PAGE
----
3. La Venencia - Calle de Echegaray, 7: 

No pictures here, as they're not allowed. I'm not sure why. This is a sherry bar, and it's so typically Spanish. A dish of olives and a plate of peanuts were devoured as we worked our way through the Manzanilla and Fino options. 

As soon as we walked into Casa Gonzalez we both went "OOOF". The pong of cheese hits you full in the face as you walk in. The front of the place is a deli, selling cheeses and meats. Out back, tables and chairs to seat around 30. Unbeknownst to us, the menu is 70% cheese. We were overwhelmed with choice. A Galician cheese with honey came slathered on crunchy bread, while another fonduta-type melty cheese, studded with quince jelly, was pure comfort. All the bars we'd been to before were absolutely rammed with men, so much so a drunken stag placed his face in my hair in order to give it a good sniff - I KNOW - and we discovered where all the Madrilenian women were hiding - they were eating cheese on toast.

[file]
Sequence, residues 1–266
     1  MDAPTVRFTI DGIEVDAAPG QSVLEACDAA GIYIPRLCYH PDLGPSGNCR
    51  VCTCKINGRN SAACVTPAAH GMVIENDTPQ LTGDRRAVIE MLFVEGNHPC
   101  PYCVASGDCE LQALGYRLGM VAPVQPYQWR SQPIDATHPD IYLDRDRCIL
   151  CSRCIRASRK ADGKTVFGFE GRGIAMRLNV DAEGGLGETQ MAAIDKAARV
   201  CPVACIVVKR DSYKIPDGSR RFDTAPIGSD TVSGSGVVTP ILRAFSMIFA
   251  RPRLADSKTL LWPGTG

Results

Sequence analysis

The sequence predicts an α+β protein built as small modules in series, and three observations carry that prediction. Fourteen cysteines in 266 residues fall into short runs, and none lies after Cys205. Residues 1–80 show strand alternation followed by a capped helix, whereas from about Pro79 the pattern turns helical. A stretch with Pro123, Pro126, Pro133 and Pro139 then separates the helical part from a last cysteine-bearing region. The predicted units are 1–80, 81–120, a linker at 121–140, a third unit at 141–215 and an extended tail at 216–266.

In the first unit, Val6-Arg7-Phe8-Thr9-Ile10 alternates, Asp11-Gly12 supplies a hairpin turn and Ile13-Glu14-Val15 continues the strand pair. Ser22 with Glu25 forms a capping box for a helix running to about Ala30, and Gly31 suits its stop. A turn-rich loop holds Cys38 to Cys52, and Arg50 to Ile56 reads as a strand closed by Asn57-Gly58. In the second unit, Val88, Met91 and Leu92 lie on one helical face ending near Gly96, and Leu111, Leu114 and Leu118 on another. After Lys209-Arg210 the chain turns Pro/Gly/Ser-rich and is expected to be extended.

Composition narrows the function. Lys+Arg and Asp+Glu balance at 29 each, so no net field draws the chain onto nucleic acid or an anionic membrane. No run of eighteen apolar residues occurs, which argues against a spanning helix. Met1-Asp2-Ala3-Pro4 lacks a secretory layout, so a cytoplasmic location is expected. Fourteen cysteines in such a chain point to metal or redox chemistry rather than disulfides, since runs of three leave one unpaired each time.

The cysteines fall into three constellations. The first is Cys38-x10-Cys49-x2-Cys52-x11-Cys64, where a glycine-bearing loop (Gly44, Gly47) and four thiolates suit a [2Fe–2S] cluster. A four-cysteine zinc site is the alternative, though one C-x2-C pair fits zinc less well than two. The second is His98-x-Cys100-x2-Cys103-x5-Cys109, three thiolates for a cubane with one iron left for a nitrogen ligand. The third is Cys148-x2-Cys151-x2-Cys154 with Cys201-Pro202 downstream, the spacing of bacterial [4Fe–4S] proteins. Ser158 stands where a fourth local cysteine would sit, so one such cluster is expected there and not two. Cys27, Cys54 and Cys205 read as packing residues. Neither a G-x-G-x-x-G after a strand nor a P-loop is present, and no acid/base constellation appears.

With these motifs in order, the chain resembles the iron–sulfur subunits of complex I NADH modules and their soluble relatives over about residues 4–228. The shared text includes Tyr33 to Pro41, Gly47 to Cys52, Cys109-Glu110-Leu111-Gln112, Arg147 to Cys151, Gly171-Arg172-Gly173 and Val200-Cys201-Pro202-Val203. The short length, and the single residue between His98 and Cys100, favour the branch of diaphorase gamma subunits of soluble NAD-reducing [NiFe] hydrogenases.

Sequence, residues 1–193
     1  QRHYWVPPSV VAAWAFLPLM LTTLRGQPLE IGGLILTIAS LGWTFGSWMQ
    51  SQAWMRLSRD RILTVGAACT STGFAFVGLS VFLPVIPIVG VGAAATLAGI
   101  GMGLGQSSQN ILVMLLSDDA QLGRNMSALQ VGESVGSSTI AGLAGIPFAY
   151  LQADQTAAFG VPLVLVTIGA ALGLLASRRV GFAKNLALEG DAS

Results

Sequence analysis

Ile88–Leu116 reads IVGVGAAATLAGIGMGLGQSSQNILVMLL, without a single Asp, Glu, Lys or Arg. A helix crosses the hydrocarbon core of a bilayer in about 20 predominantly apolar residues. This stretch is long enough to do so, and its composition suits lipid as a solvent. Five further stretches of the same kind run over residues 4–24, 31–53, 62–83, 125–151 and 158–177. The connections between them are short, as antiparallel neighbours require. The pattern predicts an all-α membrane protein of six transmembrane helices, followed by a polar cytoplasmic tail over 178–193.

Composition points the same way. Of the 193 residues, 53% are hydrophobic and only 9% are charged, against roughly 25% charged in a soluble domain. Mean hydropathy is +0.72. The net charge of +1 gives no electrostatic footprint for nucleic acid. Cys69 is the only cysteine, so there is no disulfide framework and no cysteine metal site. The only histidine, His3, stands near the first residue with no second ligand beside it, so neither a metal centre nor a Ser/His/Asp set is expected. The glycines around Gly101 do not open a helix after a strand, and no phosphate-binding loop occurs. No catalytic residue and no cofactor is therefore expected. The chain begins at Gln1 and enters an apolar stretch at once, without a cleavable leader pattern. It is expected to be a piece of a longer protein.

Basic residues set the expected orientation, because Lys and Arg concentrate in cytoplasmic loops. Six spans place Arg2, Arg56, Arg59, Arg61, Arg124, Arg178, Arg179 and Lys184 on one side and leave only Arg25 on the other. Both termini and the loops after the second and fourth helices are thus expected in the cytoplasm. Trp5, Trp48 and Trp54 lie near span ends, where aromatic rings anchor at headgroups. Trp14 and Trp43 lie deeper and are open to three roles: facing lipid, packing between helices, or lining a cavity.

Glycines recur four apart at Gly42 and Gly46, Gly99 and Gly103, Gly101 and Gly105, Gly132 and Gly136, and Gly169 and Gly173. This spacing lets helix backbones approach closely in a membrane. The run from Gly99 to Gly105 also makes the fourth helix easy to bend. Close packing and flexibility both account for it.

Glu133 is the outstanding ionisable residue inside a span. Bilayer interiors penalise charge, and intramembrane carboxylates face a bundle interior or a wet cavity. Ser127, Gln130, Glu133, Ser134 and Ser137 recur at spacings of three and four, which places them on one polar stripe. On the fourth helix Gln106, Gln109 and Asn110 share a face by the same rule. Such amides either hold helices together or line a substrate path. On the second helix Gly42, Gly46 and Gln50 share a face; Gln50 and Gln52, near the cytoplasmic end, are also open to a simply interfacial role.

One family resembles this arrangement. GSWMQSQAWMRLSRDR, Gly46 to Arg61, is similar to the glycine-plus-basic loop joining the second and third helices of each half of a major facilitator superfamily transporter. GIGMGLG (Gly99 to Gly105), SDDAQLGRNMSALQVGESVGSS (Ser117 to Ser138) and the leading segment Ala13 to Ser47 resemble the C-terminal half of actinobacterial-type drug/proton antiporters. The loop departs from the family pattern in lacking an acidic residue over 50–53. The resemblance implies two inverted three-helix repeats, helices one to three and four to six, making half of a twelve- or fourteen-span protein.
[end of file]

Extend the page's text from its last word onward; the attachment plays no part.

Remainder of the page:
4. Street XOEl Corte Inglés de Callao, Calle de Serrano, 52

I wouldn't recommend staying out till 5am, dancing like a dickhead in a dodgy club, and then attempting to go to Street XO for your first meal of the next day. It's everything it could possibly be to be the most unfriendly to those with a hangover. But Asian Spanish fusion curiosity got the best of me. Firstly, it's tricky to locate - Google Maps says off the Gran Via, and Google also says is closed. After a bit of digging, we found it on the tenth floor of El Corte Ingles in Calle Serrano, a posh part of town. We walked into a queue at 3pm - no big deal, we're Londoners, we know queues - except banging beats are blared at you while you wait.